Today is the birthday of one of the most important figures in the history of science: the great Polish astronomer and polymath Nicolaus Copernicus (1473–1543). (“Oh, polymath is a beautiful word. Let’s look it up on our big dictionary.”) In Copernicus’ honor, why not take a few homeschool minutes today to introduce your students to his great work, On the Revolutions of the Celestial Spheres (De Revolutionibus Orbium Coelestium), first published in 1543.
Copernicus was an extraordinary scholar whose work extended far beyond the astronomical research for which he is best known. He spoke five languages, translated Greek poetry, studied medicine, mathematics, economic theory, and more. And he did this while serving for much of his adult life as a canon — a senior church administrative officer — in Poland’s Frombork Cathedral. (Frombork today is home to a Copernicus Museum and research center.)
De Revolutionibus Orbium Coelestium, or “De Rev” as history of science geeks call it, is one of the most important books ever published because it laid out a comprehensive sun-centered or heliocentric picture of the solar system, replacing the earlier earth-centered or geocentric picture.
Fewer than 300 copies of the original 1543 edition of De Revolutionibus survive today. But we live in a truly fortunate age, when a young student can sit at home and examine up close some of the rarest and most important books in history — books that just a few years ago would have been accessible only to professional scholars in the world’s largest libraries.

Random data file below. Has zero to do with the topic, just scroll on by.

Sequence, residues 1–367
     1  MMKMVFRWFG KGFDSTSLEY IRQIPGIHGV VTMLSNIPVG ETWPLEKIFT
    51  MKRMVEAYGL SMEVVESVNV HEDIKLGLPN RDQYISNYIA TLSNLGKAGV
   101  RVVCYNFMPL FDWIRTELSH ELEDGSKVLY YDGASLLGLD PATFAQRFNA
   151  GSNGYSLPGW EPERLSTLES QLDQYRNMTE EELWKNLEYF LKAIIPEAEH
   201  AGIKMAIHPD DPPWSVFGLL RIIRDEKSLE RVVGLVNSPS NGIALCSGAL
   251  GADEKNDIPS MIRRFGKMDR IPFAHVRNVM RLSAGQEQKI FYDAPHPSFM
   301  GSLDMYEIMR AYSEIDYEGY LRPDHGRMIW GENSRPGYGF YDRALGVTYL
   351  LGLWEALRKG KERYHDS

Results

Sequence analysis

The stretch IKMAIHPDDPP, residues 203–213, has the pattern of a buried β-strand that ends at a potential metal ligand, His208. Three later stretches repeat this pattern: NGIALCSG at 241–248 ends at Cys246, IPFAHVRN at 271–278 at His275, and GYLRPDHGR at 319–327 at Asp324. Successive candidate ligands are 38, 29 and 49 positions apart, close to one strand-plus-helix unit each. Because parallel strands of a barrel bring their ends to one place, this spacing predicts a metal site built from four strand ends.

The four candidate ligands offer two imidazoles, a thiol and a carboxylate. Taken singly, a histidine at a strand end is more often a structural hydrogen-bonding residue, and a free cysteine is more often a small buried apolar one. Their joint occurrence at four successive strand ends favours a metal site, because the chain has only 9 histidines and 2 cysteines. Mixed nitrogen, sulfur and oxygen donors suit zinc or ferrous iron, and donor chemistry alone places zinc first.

Here is a copy of the “De Rev” that has been scanned and made available by RareBookRoom.org, a wonderful site that provides online access to some of the most important books ever written. The scans are very high resolution so all the pages can be examined one by one in great detail, right down to the handwritten notes in the margins and to the texture of the paper as it was impressed by the metal type. Spend a few homeschool minutes today with your students (at a large screen rather than a phone) exploring this bibliographic treasure:
The text is in Latin — the language of nearly all scientific books at that time — and the printing is exceptionally fine. Zoom in on a few pages using the −/+ scale at the top of the page to get a full appreciation for this great example, not only of science, but of the printer’s art as well.
If you have curious science students in your homeschool, be sure they know the name of Nicolaus Copernicus and how he changed our understanding of the world.
What historico-scientific anniversaries have you been marking in your homeschool this Orion Term? 😊
❡ Explore more: For a quick homeschool review of the Renaissance, the historical period in which Copernicus lived, turn to pages 250–253 in your River Houses history encyclopedia, and for an overview of the Scientific Revolution that he helped to spark see pages 266–267. It’s just the background you need for a wonderful homeschool history lesson. 📚
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